The rural Ugandan population was characterized by a collectivist society with low levels of migration and a high proportion working in agriculture. The urban South African population was characterized by national and international migrant workers with a relatively high unemployment rate. Participants of this setting reported that frequent migration hindered them to build strong community ties. The urban Swedish population consisted of a high proportion of immigrants (approx. 60%) with a diversity in culture and ethnic background living in a society where health and lifestyle are individualized. All three populations were socio-economically disadvantaged in several aspects, but with a sharper socio-economic inequality in the South African setting. More details about the social and built environment, the health system and the population of the study sites can be found elsewhere [4].

Study participants, sampling and recruitment

Study participants were considered eligible if they had resided in one of the study sites for at least 6 months; were aged 30–75 years; had not been previously diagnosed with T2D for longer than 12 months (for the Ugandan and South African site) or 5 years (for the Swedish site); and had a confirmation of prediabetes or diabetes. Pregnancy and serious mental disability were exclusion criteria. In Uganda, 712 participants were recruited by trained field research assistants approaching households in the study area in a random manner. In South Africa, 566 participants were recruited from two community health centers located in the township upon referral by a health care worker. In Sweden, 147 participants were recruited through screening in public spaces and facility-based screening in two primary health centers. Consenting participants were screened through a fasting plasma glucose test in Uganda, a random plasma glucose test in South Africa and the Finnish Diabetes Risk Score (FINDRISC) in Sweden, except for diabetes patients recruited directly from the health facility in the Swedish setting. Confirmation of T2D or pre-T2D was done through fasting plasma glucose tests in Uganda and South Africa (at least two tests ≥6.1 mmol/L for pre-T2D and at least two tests ≥6.9 mmol/L for T2D) and through an HbA1c test in Sweden (HbA1c ≥ 42 mmol/mol for pre-T2D and HbA1c ≥ 48 mmol/mol for T2D). More details about the selection criteria and the recruitment process can be found elsewhere for the Ugandan setting [17], the South African setting [20] and the Swedish setting [21].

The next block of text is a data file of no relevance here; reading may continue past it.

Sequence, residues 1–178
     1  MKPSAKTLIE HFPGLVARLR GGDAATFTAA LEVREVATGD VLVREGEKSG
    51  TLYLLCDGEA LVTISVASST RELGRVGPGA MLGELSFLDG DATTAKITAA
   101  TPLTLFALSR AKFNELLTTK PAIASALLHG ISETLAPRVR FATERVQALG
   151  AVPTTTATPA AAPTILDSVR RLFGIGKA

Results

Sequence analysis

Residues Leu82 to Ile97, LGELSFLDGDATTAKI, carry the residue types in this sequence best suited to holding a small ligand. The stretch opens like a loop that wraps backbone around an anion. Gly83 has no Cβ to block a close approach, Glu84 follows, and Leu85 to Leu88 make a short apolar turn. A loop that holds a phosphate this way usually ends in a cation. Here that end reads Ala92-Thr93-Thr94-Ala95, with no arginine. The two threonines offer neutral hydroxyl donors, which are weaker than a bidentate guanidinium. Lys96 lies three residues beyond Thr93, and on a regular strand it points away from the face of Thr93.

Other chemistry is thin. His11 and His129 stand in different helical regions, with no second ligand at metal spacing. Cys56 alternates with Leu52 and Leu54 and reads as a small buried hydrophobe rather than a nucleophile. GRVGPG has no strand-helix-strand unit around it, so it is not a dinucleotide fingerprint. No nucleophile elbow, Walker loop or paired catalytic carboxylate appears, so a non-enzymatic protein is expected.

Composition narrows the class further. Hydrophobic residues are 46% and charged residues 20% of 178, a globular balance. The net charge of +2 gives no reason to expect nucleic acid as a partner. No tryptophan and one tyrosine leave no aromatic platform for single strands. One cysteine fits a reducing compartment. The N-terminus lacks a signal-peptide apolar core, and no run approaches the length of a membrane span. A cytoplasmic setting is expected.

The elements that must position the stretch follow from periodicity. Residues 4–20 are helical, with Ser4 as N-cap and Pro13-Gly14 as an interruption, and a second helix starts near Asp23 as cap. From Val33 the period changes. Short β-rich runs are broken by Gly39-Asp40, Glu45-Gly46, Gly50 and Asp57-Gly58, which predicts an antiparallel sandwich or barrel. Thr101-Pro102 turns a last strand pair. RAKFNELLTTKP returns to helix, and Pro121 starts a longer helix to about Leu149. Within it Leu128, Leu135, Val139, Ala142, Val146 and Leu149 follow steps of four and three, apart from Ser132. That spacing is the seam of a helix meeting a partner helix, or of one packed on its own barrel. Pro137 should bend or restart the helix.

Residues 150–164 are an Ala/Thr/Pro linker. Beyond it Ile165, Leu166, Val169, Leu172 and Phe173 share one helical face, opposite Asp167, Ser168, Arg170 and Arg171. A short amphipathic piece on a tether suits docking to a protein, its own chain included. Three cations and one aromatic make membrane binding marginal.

Data collection

A questionnaire was administered by trained field workers and included socio-demographic items, PA- and motivation-related scales, anthropometric and biochemical measurements. Data were collected between January 2017 through December 2017 in Uganda, between August 2017 and November 2018 in South Africa and between June 2017 and January 2019 in Sweden.


Identified regulation towards physical exercise was assessed through the Treatment Self-Regulation Questionnaire for people with diabetes. This scale has been widely used to test PA self-regulation and studies have reported adequate reliability [22]. Guided by factor loadings identified in the study by Levesque et al. [22], four items were selected to measure identified regulation (see Additional file 1). Participants responded to each item on a 5-point Likert-type scale ranging from 1 (strongly disagree) to 5 (strongly agree).

To measure perceived social support, an adapted version of the scale for participation and involvement of family members and friends in PA was used [23]. This scale has been used and validated in a variety of contexts [23]. Five items of the initial measure were selected based on their presumed cross-cultural adaptability and factor loadings in previous studies (see Additional file 1). Participants responded to each item on a 4-point Likert-type scale ranging from 1 (never) to 4 (more than once a week). Perceived social support shows conceptual parallels with perceived relatedness and the same scale was used by others to measure perceived relatedness [24]. To emphasize the concept of perceived support among the study participants, we introduced the questions with the following statement: “We want to understand to what extent people close to you (friends, family or relatives) have helped you to do physical activity”.